For someone who decided initially not to post on the demise of Margaret Thatcher, it has been hard to keep away from the videos, the comments, the tributes and the assessments of the Thatcher years. I lived through those years in Britain and they are close to my heart, are part of who I am. They were a time of great closeness to others, hard work, opportunities to stand up and be counted and reminders of what I believe to be justice, caring and in the country of my birth, what is known as – a fair go. Much of what happened triggers my sense of what is right, just and humane. I saw no compassion in the actions and policies of Mrs Thatcher and she showed her hand from the moment she took away the milk from school children, the only nutritious drink many would have had in a day.
Those years, the Thatcher Years, certainly were not ‘aspirational’ for many or ones in which communities, individuals and some industries got ‘a fair go’. The most vulnerable were cast out into the community with no provision, after years in closed institutions, in an act which left many homeless, desperate and unable to cope. It was a callous act and one which affected so many, so badly. Not just the individuals themselves, but their families, those who loved them and their communities and those who tried to care for them without resources, support or assistance. Homeless people wandering the streets in limbo, distress and in the grip of psychiatric distress or physical disability became commonplace. As it has been said Hogarth would have found it familiar.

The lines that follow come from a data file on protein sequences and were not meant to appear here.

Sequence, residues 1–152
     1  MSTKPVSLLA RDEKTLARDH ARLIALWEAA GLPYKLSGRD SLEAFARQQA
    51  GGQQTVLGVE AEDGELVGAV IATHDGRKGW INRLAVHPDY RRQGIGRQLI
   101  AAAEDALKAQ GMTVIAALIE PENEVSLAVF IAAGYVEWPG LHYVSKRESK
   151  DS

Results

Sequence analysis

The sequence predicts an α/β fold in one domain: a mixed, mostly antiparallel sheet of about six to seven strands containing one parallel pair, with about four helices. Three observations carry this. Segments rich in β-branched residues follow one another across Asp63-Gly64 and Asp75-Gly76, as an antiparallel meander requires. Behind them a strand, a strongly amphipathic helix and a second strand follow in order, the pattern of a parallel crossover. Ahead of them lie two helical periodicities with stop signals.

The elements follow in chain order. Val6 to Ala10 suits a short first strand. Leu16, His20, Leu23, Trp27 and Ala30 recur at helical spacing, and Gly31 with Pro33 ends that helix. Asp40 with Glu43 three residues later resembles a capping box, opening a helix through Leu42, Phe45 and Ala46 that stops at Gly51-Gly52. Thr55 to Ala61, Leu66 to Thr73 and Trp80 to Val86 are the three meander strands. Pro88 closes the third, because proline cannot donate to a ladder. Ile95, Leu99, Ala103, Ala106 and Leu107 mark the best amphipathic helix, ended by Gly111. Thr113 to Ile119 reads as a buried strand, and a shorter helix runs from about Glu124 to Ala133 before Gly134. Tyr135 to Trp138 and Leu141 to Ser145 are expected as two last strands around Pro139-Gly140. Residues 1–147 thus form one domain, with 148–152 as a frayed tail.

Glenda Jackson’s articulate and accurate speech sums up beautifully how it was and what Baroness Thatcher was. http://youtu.be/Eag-gHoW030 Anyone would surely have to take issue with such a speech being described as a tirade! It was calm, assertive and razor-sharp and made by someone who lived through those years and has not forgotten. For every person who can overlook Mrs Thatcher’s legacy there is at least one other who will never forget.
Here’s a few links to songs about The Iron lady, a title she enjoyed and those times –
This Is Not a Playlist for Margaret Thatcher\’s Funeral | Mother Jones